Balancing The 7 Deadly Sins With Seven Heavenly Virtues

The Heavenly Virtues of Being A Sinner And A Saint

Image Credit: Sarah
Image Credit: Sarah

Have you noticed the number seven appears a lot? You find it across all ancient architecture, myths, religions and even modern day expressions. Even the time this post went live on the www. equals seven.

The reason this vital number consistently appears is not coincidence. How can it be when it is used so obsessively?

Ancient cultures were enamoured by the ‘divine’ seven and associated the number with the Mother Goddess. The seven is also consistently used in art, literature, music and city architecture. It even turns up in nature.

Then of course there are the seven deadly sins and the lesser known seven heavenly, or holy virtues. But why are there seven of them and what are they?

Sins                              Virtues      

Lust                               Chastity

Gluttony                        Temperance

Greed                             Charity

Sloth                              Diligence

Wrath                             Forgiveness

Envy                              Kindness

Pride                              Humility

What is the purpose of the seven deadly sins and seven holy virtues?

When religions talk about “The Seven Steps to Heaven” they are talking about conquering the seven deadly sins and adopting the seven virtues. It appears in the modern age that the meaning of the seven steps have become confused.

Christianity implies that if we are virtuous we join the angels in Heaven, and if we sin we are sent to Hell. All this after we die of course. Because the church want you to project your attention on the outside, rather than the inside, but it is the inside where your true wisdom resides.

Once you understand the symbolism, the secret messages in ancient scriptures and myths become apparent – you have God-Consciousness and create your own Heaven and Hell on the physical plane.

These are the two sides of our character, a duality we must master and bring into balance. You will probably have seen images of the angel on one shoulder and the Devil on the other in popular culture. I used to think this was ridiculous animation, but now I know differently.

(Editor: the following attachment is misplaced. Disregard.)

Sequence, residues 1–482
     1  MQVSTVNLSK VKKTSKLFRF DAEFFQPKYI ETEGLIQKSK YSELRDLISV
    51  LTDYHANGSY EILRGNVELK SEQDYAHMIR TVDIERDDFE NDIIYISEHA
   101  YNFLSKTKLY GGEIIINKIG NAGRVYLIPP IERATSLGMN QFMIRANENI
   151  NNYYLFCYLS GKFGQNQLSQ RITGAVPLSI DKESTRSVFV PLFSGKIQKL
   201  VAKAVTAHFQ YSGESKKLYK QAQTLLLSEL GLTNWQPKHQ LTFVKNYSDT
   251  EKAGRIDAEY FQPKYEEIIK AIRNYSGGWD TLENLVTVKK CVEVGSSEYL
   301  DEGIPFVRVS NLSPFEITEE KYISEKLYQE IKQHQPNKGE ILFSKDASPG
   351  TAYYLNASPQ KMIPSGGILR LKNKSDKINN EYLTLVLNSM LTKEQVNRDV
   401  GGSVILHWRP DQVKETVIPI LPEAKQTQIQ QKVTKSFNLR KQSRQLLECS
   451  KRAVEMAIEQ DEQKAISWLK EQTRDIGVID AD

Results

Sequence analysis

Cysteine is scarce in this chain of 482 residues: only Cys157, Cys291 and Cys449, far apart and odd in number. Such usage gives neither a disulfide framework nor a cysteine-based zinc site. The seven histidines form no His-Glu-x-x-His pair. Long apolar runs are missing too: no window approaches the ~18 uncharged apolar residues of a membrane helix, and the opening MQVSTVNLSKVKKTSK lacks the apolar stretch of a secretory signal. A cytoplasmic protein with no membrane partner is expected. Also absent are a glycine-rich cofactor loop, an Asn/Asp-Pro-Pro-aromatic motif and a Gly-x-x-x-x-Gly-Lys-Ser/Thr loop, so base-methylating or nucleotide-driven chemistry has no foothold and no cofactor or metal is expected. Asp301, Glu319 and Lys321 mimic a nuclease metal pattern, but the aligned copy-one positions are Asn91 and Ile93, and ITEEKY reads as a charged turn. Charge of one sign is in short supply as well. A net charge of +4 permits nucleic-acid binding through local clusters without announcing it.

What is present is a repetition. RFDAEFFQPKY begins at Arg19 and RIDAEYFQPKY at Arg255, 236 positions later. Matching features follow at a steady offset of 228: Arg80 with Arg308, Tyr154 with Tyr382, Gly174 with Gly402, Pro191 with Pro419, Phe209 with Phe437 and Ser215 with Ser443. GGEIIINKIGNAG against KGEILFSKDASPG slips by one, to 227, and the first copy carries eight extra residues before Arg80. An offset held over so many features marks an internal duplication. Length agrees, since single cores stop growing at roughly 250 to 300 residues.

The ancient Hebrew word for sin is schin which simply means, lack of knowledge. The reality in which you live is ultimately that of your own making based on your understanding. Therefore, if you fall for temptation and indulge in the seven deadly sins, you will remain ignorant. Whilst in base consciousness you live in Hell, or rather, the perception we relate with Hell.

Yet most of us adopt the seven virtues whether we are aware of them or not; but we also cross over into the sins as well. Therefore we fall somewhere in the middle and as a result have a rollercoaster ride. Sometimes life is good, other times its bad right?

You therefore have a choice; to listen the Angel on your shoulder or listen to the Devil. Master the sins and carry out the virtues and you will find you spend more time in “Heaven on Earth” than in the bowels of depression. Give into temptation and your experience on Earth becomes “a living Hell.” You’ve heard these expressions, right? Old lesson few of us follow.

However, there is (thankfully) a “saving grace.”

The balance of seven sins and seven virtues

Everything that exists has a polar opposite, thus our behaviours and attitudes have a good side and a bad side. They can make or break us. For every sin there is a virtue that resolves the sin and vice versa.

However, that does not mean you have to be completely righteous like the Catholic Church teaches. If you live your life too virtuously and do not allow yourself to enjoy the finer things in life – which are the temptations – your experience of life and therefore your conscious awareness is also unbalanced. I know, good news right, you can be naughty!

Providing you keep a balance between naughty and nice you will be able to bring more harmony into your life, attract people you need and manifest events you want. So let’s take a look at the yin yang of sins and virtues.

Lust v Chastity

Lust and chastity do not take much explaining. We get horny, it’s natural. In fact, after survival, sex is our second most

Lust
Image Credit: Scabeater

natural instinct. But an excessive desire for sexual satisfaction ultimately becomes a deadly sin thus control is required.

There is also the issue of sex without love. It is common in our society to sleep with members of the opposite sex the first time we meet them. As exciting as this may be, if you have sex from lust and love too often, you will not find fulfillment in a relationship.

If you always keep balance in mind, this concept becomes blatantly obvious and you eventually develop an inner sense of what you should and shouldn’t do.

To give you some encouragement, Hindu’s say the male sperm is the life force that gives you zest in life. In Italy, they say that when you orgasm your mind goes, so if you need the ability to think straight…

To counterbalance lust, you need to learn self-discipline and become unhindered by sexual desire. But chastity does not mean abstaining from sexual pleasure, it merely means bettering yourself by practicing courtly love and romance before engaging in sexual intercourse.

Gluttony v Temperance

Gluttony is overconsumption, taking more than your fair share and wasting excess. In popular culture, it is typically associated with overeating, but you can apply the same rules to drink and drug addiction of any kind – and yes, that includes coffee and smoking.